Quercus palustris, the pin oak, is a medium to occasionally large deciduous tree, usually growing 50 to 70 ft tall in the wild; sometimes reaching 100 ft under ideal conditions. Its native range extends from southern New England south to Georgia and west to Kansas and Iowa. In its native range, pin oak is typically a sub-climax forest tree occupying a number of habitats in association with sweetgum (Liquidambar styraciflua), tupelo (Nyssa sylvatica), American elm (Ulmus americana), and red maple (Acer rubrum). As its Latin name implies (from palus, swamp), Q. palustris is fond of soils that are damp in the winter, but is often found in much drier situations. Despite the species’ preference for damp winter soils, it is very unhappy with wet roots during the growing season; in this regard it is best
suited for well-drained areas in the landscape. In its growing habit, Quercus palustris presents a branching pattern unique amongst native trees: lower branches angled downward, middle branches level and topmost branches upswept, leading to a narrowly oval or pyramidal outline. It is among the narrowest of native oaks in crown spread at maturity.
As a landscape tree, Q. palustris normally grows no taller than 50-60 feet with a 30-foot spread. The 5” long-glossy, deep-green leaves are deeply-lobed with U-shaped sinuses (versus shallower C-shaped sinuses in the similar but more massive scarlet oak, Q. coccinea) and bristly tips. The foliage unfurls in spring with a pinkish-grey color and turns russet to bright red in autumn. Inconspicuous yellow-green flowers in spring are followed by small acorns which mature in the second autumn of growth. The bark is brownish-grey, smooth on young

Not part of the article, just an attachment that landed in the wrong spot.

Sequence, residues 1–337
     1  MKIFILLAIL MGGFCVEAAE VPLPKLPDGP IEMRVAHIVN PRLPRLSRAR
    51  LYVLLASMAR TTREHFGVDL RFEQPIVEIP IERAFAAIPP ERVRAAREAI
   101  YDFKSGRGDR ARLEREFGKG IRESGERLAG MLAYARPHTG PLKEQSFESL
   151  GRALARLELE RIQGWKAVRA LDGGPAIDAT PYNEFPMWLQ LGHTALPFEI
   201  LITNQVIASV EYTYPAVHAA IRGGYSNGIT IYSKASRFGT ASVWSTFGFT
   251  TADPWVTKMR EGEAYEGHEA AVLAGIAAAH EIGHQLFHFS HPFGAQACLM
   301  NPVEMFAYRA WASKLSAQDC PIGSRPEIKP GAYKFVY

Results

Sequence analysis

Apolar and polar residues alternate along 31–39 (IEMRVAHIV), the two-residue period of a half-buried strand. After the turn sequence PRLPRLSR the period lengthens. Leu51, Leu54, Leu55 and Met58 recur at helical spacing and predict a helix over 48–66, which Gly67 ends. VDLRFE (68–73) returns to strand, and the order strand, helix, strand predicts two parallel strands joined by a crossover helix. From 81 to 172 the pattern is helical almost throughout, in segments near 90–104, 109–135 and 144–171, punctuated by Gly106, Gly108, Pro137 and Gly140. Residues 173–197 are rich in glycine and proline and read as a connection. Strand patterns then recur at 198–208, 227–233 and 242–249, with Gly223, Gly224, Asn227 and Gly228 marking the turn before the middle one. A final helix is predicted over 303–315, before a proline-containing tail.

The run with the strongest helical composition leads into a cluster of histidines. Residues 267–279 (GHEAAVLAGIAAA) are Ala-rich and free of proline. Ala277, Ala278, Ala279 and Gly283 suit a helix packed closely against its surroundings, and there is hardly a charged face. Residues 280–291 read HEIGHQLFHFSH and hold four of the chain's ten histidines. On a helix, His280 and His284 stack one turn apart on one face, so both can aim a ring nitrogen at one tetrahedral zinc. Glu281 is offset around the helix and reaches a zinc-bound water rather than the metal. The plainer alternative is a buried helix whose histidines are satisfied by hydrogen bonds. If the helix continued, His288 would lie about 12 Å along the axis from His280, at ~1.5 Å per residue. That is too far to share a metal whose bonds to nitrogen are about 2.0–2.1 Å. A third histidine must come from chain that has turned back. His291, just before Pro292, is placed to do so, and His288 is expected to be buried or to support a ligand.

trees, gradually becoming shallowly furrowed with age. The regular, almost formal, appearance of a mature pin oak makes it a very popular choice as a street tree, especially along broad boulevards and entranceways. The narrow habit and small acorn size, however, also make it one of the best oaks for the landscape in general. As noted above, pin oak prefers a moist but well-drained soil. It is easily transplanted due to its fibrous root system and lack of a taproot. It is also relatively unaffected by pests or disease, but is very intolerant of shade and of alkaline soils; alkalinity will cause severe chlorosis of the foliage and lead to a quick death.
The wood of Q. palustris is heavy and dense, but somewhat weaker than most oaks due to the knotholes from numerous branches. It is most commonly used commercially to make wooden pins (hence the common name). The leaves of pin oak are a preferred feeding species for several native moths. The small acorns are also a favorite of many birds, including wood ducks, mallards, wild turkeys, nuthatches, jays, and titmice due to their small size. Native Americans used tea made from the twigs and inner back as a remedy for digestive complaints.
White House Natives supplies Quercus palustris from 2”to 3” caliper. If you’re looking for a great-looking street tree or a smaller oak for the landscape, pin oak is worthy of your consideration.